Currency Market Analysis
Feb 24, 2021 | Currency Market Analysis
The U.S. dollar was anchored near recent lows after the head of the Federal Reserve this week vowed to stay the low rate course. The droopy dollar supported rivals with the euro around one-month peaks while sterling and the loonie rose to fresh April 2018 highs. The Aussie and kiwi dollars were at or near three-year peaks against their U.S. counterpart. Inflation may be rising but not expectations for the Fed to shift away from a low rate path. Fed chief Jay Powell acknowledged this week that the recovery was incomplete and that the central bank’s low rate policies would be needed for some time yet. The Fed staying the course has reinforced optimism in the economic outlook, boosting currencies with close ties to global growth. While the dollar has lost steam, its decline has been slowed by elevated Treasury yields.
The euro rose toward one-month highs after better than expected news on the German economy. Europe’s biggest economy fared better than expected during the fourth quarter, as revised data showed an upgrade to a 0.3% pace of growth from the first reported 0.1% increase. The revision moved Germany’s 2020 contraction just inside of 5%, to 4.9%, which was still the economy’s weakest showing since 2009.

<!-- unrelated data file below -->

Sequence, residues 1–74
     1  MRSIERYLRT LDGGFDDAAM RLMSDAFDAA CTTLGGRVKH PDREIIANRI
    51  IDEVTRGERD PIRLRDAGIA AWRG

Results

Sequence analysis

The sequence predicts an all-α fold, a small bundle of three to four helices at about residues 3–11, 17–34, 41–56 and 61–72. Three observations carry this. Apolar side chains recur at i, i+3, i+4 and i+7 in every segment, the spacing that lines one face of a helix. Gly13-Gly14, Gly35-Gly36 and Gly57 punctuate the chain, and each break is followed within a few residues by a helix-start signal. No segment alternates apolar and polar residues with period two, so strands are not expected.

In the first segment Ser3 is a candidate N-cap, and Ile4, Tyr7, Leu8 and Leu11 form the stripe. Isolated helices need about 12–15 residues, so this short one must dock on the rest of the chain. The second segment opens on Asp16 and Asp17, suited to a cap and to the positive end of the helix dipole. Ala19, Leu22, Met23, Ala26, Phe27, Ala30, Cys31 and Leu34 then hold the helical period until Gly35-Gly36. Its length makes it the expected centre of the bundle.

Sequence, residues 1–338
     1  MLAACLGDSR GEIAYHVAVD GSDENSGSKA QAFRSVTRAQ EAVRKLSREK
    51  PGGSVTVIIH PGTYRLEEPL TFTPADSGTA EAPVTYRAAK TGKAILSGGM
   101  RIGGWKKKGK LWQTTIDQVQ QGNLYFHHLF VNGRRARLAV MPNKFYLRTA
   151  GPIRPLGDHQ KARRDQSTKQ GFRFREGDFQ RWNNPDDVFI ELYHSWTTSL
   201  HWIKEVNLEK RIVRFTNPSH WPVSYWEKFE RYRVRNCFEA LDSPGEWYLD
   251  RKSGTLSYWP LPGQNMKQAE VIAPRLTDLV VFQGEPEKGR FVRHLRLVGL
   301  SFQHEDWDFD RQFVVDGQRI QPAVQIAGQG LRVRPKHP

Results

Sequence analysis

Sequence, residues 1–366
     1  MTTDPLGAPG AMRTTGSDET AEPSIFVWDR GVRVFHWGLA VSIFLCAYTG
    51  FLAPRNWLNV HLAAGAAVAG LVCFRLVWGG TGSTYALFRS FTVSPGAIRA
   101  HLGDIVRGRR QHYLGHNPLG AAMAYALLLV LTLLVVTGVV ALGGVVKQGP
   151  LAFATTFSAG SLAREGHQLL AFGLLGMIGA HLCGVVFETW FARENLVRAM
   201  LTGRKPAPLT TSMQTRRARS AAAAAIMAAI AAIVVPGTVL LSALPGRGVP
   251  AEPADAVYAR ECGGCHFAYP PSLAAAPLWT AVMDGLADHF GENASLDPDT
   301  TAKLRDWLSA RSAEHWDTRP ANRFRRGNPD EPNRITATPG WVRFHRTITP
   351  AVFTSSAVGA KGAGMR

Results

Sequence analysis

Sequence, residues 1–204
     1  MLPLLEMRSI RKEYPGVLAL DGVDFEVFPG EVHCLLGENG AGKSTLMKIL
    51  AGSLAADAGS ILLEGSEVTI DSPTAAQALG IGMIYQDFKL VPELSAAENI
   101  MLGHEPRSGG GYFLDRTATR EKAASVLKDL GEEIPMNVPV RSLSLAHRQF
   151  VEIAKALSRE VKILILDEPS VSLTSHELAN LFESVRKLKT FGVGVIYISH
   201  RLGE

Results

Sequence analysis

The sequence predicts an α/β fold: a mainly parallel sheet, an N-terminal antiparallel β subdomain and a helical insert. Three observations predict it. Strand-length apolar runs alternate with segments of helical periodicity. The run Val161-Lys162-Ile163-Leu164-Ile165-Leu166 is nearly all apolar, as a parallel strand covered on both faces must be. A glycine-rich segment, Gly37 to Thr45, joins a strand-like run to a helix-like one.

The stronger loonie overnight power to fresh 2018 highs. Oil hovering near recent highs above $60 boosted the commodity-linked Canadian dollar, gains that were compounded by the weaker greenback. Global optimism continues to buoy the loonie, allowing it weather domestic headwinds stemming from elevated unemployment above 9% that has led to renewed consumer caution.
Sterling raced to fresh 34-month highs overnight only to lose steam and begin the New York day little changed. The pound’s relentless hot streak has lifted it to a series of April 2018 peaks against its U.S. counterpart. A recent Brexit accord with the EU, coupled with Britain’s rapid rollout of coronavirus vaccines, has proven a compelling catalyst to fuel the pound’s resurgence.
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